The winner was a 25 year old, O’Hair. He dropped out of high school and turned pro at age 17. His father pushed abusively hard for O’Hair to make the PGA. They do not have any contact with each other any longer. O’Hair credits his father-in-law, often his caddie, with encouraging him to believe in himself. He is married with two small children. Because of his win, he now gets to go to the Masters.

After we got home, I discovered that Kevin Streelman was in the tournament. He graduated from WWHS the year after my son, Brad. Kevin was one of the nine players that got eliminated on Saturday because he shot 84 on that very windy day. The Tribune said that he finished in 79th place and made $9,646. So far in 2008, he has made $102, 250 in eight tournaments and is ranked 128th. Hmm, maybe I should have pushed golf a bit.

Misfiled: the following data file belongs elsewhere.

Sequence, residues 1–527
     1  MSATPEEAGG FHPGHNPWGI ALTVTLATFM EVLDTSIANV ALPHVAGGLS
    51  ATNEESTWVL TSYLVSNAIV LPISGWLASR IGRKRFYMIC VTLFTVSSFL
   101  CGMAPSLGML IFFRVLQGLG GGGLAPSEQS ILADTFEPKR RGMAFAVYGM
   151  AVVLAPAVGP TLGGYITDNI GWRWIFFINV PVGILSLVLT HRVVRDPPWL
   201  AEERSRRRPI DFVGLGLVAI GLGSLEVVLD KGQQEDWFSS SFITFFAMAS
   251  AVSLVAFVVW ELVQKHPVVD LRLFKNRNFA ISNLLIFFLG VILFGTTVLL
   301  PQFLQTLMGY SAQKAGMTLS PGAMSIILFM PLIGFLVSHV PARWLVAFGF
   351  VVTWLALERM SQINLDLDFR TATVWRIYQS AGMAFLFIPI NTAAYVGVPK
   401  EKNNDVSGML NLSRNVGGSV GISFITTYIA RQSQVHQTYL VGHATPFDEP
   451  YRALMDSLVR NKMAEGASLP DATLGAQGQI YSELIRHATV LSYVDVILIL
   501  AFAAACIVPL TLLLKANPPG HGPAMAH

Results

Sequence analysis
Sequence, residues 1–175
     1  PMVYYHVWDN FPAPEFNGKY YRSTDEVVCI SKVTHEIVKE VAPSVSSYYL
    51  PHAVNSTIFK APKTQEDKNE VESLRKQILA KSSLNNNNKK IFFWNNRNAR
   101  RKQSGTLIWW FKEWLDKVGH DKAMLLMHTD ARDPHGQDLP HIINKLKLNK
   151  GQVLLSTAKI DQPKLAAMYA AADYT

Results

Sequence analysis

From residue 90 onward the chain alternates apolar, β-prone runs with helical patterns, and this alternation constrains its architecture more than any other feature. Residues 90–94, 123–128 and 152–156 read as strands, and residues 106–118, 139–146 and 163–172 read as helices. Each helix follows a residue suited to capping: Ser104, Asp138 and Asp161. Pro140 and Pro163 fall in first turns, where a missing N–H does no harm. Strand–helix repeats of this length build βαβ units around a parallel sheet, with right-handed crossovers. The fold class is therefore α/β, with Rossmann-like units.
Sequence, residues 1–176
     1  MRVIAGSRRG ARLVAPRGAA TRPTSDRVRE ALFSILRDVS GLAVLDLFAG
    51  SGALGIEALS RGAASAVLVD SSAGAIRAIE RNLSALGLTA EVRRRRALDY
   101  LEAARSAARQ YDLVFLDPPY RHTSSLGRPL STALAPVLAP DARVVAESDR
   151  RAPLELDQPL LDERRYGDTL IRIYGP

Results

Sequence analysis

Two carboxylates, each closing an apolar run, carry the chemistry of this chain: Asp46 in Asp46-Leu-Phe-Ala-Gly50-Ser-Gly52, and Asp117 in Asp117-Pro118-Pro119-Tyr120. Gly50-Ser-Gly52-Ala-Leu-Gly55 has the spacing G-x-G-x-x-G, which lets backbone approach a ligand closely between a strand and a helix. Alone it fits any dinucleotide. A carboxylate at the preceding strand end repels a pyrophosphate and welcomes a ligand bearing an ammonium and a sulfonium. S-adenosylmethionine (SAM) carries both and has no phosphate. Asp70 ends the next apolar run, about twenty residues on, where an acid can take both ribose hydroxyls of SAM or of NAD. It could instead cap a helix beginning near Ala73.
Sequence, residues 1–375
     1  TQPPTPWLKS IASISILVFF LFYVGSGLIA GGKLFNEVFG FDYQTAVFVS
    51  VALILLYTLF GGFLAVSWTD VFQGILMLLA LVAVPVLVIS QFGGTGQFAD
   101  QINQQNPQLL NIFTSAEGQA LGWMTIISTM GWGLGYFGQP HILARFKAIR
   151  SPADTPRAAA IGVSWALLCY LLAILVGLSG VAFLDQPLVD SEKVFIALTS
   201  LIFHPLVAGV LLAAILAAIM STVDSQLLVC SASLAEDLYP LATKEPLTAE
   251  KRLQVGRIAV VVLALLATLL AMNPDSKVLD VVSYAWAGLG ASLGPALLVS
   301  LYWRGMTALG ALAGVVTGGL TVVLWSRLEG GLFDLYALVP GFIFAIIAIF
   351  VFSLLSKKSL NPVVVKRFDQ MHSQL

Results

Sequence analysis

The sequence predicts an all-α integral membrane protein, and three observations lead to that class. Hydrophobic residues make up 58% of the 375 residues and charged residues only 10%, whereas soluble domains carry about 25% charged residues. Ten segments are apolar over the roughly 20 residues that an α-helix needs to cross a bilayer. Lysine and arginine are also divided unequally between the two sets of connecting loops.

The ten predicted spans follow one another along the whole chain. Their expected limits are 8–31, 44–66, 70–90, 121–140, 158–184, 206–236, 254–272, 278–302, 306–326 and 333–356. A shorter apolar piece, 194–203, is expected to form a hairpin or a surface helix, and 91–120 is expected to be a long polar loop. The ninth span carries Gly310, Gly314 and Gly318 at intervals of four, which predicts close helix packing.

One of the fun activities of any event is people watching. On Saturday night, the tournament was called for darkness before 7:00 p.m. We stayed, of course, until the last shot was taken. On the shuttle back to our condo, we rode with several people. One was a young spirited woman that thought that every time the driver talked on his walkie-talkie, he was speaking to her. He asked for some help on an intersection and the woman stood up and said, “I’ll help. You need help? What should I do?” Her friends pulled her down. Another young male volunteer worker had forgotten where he had parked his car and had been to all of the parking lots on another shuttle. Apparently he had someone, a she, waiting somewhere for a ride home. It was dark by this time and he had no idea where to look. He had already checked if the car had been towed and it had not. The shuttle driver reassured him, “Trust me, it has not been towed.” The driver asked him what he remembered about the place he parked. He asked if it was by a swimming pool. The man remembered nothing. He just kept saying, “I can’t believe this is happening to me.” He must have had good training though as a volunteer because he did remember that his job was to make the guests feel comfortable. He kept asking us questions like, “Did you have a nice time?” “Where are you from?” It didn’t seem like a good time for inconsequential conversation. I was getting nervous for him but then just before we got off, he spied his car in another condo parking lot—across from a very large swimming pool. At least he got off and we assumed he found his car. I guess we need Paul Harvey for the rest of the story.